Winnipeg mayor wants new post-pandemic funding deal with Manitoba
Brian Bowman says Winnipeg's bank account depleting fast because of health crisis and needs new funding
Winnipeg mayor Brian Bowman says it's time for the city and the provincial government to sit down and work out a new deal on how Manitoba's largest municipality is funded.
Describing the current funding model as "antiquated," Bowman on Thursday asked for a "renewed partnership between the province and the city to immediately develop and implement a post-pandemic plan for economic recovery."
Bowman reiterated the the health crisis is costing the city up to $12 million a month in lost revenues and added expenses, and the city is draining its fiscal stabilization reserve with no identifiable way of replenishing it beyond raising property taxes or fees.
To cope with the financial blows, Bowman said the city has temporarily laid off approximately nine per cent of its total workforce, reduced weekday transit service and cut discretionary expenses across the public service.
The mayor said he doesn't believe raising taxes or cutting services is the way to balance the city's books and wants to negotiate what he calls a "modern growth-oriented funding mechanism" with the Progressive Conservative government.
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Bowman chose not to identify specifically what the new formula would look like.
"I have not been prescriptive, because what I am proposing is a partnership with the province. It's ultimately a decision that would be made by the province. They provide the legal framework from which we can collect revenues, so I am proposing we work together," Bowman told reporters.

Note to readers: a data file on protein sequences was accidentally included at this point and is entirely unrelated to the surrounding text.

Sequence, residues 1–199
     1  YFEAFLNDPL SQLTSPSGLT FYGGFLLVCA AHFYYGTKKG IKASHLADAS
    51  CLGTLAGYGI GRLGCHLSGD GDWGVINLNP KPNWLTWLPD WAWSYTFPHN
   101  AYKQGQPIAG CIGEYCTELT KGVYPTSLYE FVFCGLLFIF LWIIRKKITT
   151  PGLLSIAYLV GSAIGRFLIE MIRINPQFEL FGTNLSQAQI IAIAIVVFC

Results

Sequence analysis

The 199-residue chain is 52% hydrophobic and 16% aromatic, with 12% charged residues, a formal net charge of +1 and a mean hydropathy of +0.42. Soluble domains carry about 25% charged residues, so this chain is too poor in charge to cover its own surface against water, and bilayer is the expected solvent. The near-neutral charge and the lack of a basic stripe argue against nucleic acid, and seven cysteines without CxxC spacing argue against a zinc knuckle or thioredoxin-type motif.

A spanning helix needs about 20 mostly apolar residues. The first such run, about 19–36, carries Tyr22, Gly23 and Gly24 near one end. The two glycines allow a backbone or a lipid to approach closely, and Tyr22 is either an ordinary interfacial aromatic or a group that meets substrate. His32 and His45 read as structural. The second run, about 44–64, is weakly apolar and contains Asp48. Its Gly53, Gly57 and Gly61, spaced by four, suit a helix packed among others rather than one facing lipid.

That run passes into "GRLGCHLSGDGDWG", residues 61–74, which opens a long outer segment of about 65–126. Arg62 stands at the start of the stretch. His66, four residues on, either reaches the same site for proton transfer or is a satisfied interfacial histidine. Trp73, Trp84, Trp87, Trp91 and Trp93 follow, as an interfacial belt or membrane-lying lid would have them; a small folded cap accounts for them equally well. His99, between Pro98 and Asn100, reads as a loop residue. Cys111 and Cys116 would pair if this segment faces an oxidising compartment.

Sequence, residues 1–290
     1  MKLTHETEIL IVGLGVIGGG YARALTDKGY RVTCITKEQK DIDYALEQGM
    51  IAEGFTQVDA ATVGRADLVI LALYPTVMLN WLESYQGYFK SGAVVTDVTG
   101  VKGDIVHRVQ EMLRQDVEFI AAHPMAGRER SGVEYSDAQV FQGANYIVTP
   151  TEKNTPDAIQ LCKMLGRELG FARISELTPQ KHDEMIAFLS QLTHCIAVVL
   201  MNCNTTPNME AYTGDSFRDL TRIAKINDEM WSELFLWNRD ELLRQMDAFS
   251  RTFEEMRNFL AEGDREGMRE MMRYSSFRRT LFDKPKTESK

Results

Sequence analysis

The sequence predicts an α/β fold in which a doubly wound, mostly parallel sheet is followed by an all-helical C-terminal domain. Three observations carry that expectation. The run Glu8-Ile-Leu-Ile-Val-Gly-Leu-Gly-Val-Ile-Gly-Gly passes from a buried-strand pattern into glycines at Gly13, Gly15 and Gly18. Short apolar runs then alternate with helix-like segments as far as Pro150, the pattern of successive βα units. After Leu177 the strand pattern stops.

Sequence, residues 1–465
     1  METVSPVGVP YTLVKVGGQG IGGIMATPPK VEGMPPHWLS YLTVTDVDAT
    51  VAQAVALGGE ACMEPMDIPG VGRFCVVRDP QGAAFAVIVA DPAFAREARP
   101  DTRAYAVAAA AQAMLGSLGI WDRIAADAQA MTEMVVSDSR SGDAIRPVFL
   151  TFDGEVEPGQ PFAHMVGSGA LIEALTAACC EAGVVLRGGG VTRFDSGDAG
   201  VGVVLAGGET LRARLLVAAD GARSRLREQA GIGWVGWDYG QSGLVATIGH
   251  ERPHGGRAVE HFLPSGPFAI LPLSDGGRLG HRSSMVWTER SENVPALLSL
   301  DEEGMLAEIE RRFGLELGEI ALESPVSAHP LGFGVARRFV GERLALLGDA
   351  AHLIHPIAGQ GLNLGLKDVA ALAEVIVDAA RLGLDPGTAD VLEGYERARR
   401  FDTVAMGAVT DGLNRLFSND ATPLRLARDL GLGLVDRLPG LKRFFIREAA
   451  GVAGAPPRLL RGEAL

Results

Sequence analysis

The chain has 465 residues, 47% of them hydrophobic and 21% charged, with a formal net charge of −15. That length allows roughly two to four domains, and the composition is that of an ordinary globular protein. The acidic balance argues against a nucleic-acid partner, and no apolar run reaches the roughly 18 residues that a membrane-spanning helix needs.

Bowman did release a list of measures he felt the province could adopt to help the city in a post-pandemic plan for economic recovery.
- Maintain existing levels of capital and operating support for the city in 2020 and commit to maintain levels for the next three years.
- Accelerate payment of the provincial capital and operating support to the city in 2020 and provide the city with full discretion on how to invest these funds.
- Immediately fully support and forward the city council-endorsed application for federal and provincial cost sharing of $643.4 million under the Investment in Canada Infrastructure Program (ICIP) to support the renewal and upgrade of the North End wastewater treatment plant, construction of a new recreation centre in southwest Winnipeg and an expansion of the St James Civic Centre.
- Commit to partnering with the City of Winnipeg to maximize the city's share of available federal transit funding under the ICIP program, with specific investments to be guided by the soon-to-be-completed transit master plan.
- Commit to implement a modern, growth-oriented funding framework.
Bowman says he's requested a meeting with Municipal Relations Minister Rochelle Squires to talk about developing the new funding model.
Bowman's announcement came just hours after the provincial government announced $500 million in new funding for infrastructure projects across Manitoba.
When asked what was highest on the city's list for provincial funding, Bowman said immediately it would be for the North End wastewater treatment plant.
"It's shovel-ready, it's shovel-worthy and it's ready to go. And it'll do a lot of good for not only the economy, but for the health of our rivers and our lakes," Bowman said.
Bowman said the funding request to the province for the treatment plant upgrades have been awaiting approval from the PC government since last September.